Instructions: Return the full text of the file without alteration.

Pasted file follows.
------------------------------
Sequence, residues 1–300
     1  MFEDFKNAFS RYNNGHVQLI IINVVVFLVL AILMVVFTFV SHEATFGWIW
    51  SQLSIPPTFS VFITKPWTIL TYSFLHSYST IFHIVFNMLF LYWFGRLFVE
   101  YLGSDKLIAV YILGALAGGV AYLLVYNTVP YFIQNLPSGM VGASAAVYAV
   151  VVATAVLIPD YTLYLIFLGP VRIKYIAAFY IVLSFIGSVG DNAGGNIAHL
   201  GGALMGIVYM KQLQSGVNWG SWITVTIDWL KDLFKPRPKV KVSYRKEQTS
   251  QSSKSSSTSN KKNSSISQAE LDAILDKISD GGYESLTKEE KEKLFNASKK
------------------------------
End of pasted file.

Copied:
Sequence, residues 1–300
     1  MFEDFKNAFS RYNNGHVQLI IINVVVFLVL AILMVVFTFV SHEATFGWIW
    51  SQLSIPPTFS VFITKPWTIL TYSFLHSYST IFHIVFNMLF LYWFGRLFVE
   101  YLGSDKLIAV YILGALAGGV AYLLVYNTVP YFIQNLPSGM VGASAAVYAV
   151  VVATAVLIPD YTLYLIFLGP VRIKYIAAFY IVLSFIGSVG DNAGGNIAHL
   201  GGALMGIVYM KQLQSGVNWG SWITVTIDWL KDLFKPRPKV KVSYRKEQTS
   251  QSSKSSSTSN KKNSSISQAE LDAILDKISD GGYESLTKEE KEKLFNASKK